Human rights focused business models implemented in Colombia and Nambia showcased in Brussels
DG DEVCO (EU Commission) hosted an event about success stories implementing public-private dialogue and due diligence processes.
The Commission’s Directorate-General for International Cooperation and Development (DG DEVCO) has recently hosted the workshop “Successful examples of public-private dialogue in Colombia and Namibia”. ZABALA has showcased in this session the examples of two projects carried out in Latin America and Africa. Through mechanims of due diligence and public participation,new business activities has been made real: is the case of Repsol (Energy sector) in Colombia, and IAN (Agrifood sector), in Namibia.
Mikel Berraondo, Social Innovation director for ZABALA, and Carlos Lertxundi, Deputy Operations Manager for IAN in Namibia, participated in the session introduced by Laura Atienza-Urcelay, policy officer for DG DEVCO. This initiative was nurtured after ZABALA´s participation in the European Development Days.
The session was focused on how it is possible for companies to operate in other continents, within an international context supporting human rights. In order to achieve this goal is essential to involve all the stakholders in the public participation processes (companies, public organizations and, indigenous and local communities).”This is the way in which companies can fulfill their commitment with the Sustainable Development Goals and the Agenda 2030, indispensable in the frame of European and international policies”, Berraondo said.
Berraondo explained how ZABALA has developed a new approach: “The context demands a new way of acting for companies, some of them did not know how to act to guarantee human rights. We have integrated all international standards into our own methodology”. This process guarantees companies legal security, which often does not exist, and allow to generate value and well-being in the regions. “Companies are beginning to assume that human rights are part of the benefits”, he admitted.
Within this process, he pointed out some essential conditions such as the incorporation of local experts, with a multicultural approach, who can approach communities in their local languages, the promotion of public participation based on the building of relationships of trust, and the maintenance of a continuous dialogue. “It is essential to follow up the processes”, considered the expert
In Colombia this approach was essential. This is the first case where specific indigenous communities have been involved. Five different communities participated in the process, with the support of organizations such as the Agencia Española de Cooperación Internacional (AECID) y la Organización Nacional Indígena de Colombia (ONIC). In this case, the company reconsidered installing its activity in another area, after reviewing an impact report: the main conclusion was that the consequences for the cultural heritage of indigenous populations could be damaged.
Working on the field
Until now the due diligence processes had been taken to a more political or distant level towards communities, and these are processes that “must be close to practice, especially in the communication and interaction with the population”. “You need to be on the ground to contribute confidence”, the rapporteur persevered.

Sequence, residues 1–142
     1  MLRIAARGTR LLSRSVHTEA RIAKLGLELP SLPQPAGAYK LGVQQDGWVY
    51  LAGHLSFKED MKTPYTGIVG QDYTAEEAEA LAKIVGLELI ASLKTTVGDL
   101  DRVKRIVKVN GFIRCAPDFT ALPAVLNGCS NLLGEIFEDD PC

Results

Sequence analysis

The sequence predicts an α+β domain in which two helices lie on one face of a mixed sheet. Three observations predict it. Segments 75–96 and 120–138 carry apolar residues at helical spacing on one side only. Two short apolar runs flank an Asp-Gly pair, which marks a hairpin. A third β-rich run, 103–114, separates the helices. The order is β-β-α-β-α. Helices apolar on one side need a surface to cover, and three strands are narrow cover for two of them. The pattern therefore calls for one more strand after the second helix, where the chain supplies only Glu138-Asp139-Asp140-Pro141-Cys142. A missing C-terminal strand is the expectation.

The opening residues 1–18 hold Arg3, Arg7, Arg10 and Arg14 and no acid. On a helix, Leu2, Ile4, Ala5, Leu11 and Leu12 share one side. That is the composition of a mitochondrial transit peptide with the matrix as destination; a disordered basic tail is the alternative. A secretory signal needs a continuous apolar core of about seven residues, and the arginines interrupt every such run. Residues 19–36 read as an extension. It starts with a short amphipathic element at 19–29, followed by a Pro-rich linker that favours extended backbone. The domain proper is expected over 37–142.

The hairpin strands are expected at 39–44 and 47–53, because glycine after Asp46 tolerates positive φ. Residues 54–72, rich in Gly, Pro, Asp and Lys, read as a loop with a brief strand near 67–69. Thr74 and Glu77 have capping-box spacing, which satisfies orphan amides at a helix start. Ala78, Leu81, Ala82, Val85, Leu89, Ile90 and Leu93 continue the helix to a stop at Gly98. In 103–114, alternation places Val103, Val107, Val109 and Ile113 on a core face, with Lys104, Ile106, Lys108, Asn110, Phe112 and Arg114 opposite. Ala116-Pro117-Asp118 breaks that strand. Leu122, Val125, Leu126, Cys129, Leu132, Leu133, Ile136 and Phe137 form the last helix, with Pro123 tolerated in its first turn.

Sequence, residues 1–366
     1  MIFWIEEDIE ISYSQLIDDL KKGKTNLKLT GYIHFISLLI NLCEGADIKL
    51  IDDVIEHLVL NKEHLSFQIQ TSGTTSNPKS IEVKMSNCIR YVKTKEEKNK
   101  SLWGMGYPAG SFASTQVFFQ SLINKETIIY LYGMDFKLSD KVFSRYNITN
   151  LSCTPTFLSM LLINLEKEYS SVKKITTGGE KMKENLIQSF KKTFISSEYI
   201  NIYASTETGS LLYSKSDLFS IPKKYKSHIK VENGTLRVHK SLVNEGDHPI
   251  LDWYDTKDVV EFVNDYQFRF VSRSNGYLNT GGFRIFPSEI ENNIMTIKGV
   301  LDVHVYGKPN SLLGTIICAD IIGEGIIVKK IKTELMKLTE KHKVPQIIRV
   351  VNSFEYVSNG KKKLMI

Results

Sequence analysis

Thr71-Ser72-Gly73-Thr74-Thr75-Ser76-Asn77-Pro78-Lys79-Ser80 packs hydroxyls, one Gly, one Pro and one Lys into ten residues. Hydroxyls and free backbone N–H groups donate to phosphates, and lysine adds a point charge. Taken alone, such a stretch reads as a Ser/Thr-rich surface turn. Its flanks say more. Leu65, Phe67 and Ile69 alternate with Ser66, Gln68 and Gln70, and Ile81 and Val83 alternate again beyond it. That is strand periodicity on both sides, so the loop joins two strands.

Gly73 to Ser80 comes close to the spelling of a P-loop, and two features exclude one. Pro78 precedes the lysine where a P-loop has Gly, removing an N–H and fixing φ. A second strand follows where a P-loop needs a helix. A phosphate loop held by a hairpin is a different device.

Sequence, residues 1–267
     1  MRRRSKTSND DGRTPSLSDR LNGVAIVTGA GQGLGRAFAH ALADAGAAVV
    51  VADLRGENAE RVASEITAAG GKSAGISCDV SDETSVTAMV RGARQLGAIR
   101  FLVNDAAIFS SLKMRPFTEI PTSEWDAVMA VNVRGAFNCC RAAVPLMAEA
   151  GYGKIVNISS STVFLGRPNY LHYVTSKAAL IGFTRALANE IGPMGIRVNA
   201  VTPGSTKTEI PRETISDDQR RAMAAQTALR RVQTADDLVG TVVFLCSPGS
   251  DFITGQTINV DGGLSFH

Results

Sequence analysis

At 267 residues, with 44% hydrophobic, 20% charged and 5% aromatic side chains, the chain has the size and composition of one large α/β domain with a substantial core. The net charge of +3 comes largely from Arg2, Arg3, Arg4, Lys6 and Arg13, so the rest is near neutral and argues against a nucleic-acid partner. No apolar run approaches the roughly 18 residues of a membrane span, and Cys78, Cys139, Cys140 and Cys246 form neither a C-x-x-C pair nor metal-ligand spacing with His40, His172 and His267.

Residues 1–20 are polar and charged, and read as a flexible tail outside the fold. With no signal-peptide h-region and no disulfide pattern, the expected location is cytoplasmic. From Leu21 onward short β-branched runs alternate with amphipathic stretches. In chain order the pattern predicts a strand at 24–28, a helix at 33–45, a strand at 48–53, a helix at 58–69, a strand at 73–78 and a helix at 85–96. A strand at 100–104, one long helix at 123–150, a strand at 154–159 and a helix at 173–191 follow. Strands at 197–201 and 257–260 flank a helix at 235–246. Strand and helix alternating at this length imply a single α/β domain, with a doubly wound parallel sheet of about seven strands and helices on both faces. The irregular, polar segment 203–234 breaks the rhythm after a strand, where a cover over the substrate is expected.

Berraondo has also considered that the prior consultation processes are complex (over two years of development), and that the consultation processes must also be coordinated together with the implementation of the businesses plans. “In Colombia, ONIC is focused on applying Article 15 of the Convention of the International Labor Organization on indigenous and tribal peoples, which explains the need to share the benefits”.
In the case of Namibia the collaboration has been established with public institutions and the German Cooperation Agency (GIZ). The impact of the results has been surprising. There, IAN, a company in the agri-food sector, has installed a new production line making local producers part of the business, and has had an extremely positive impact on improving gender equality, incorporating many women from the local population (in areas where it is very difficult for women to leave traditionally established roles) to their workforce. “In Namibia, one of the biggest benefits of the project has been the contribution to the female empowerment”, Lertxundi said.
The impacts on the local economy and the transformation in the area have been really fast and the company plans to continue with new challenges: creating energy from renewable sources (mainly solar power), as well as the investment in water sanitation structure, to solve the problem of scarcity. The implementation has also favored the maintenance of the population in rural areas (in Africa the exodus towards cities is a big problem due to the lack of resources and employment). To this end, Carlos Lertxundi has clarified, “due diligence was a proposal made by ZABALA that has been key to generate this result”. “IAN has always been committed to CSR, but this supposes a step further”.
AECID also showed great interest in the frame of the session in continuing public-private collaboration, since it maintains a working group for the private sector. These cases may be useful for other companies that want to implement their activity in others continents.
More information on the cases studies: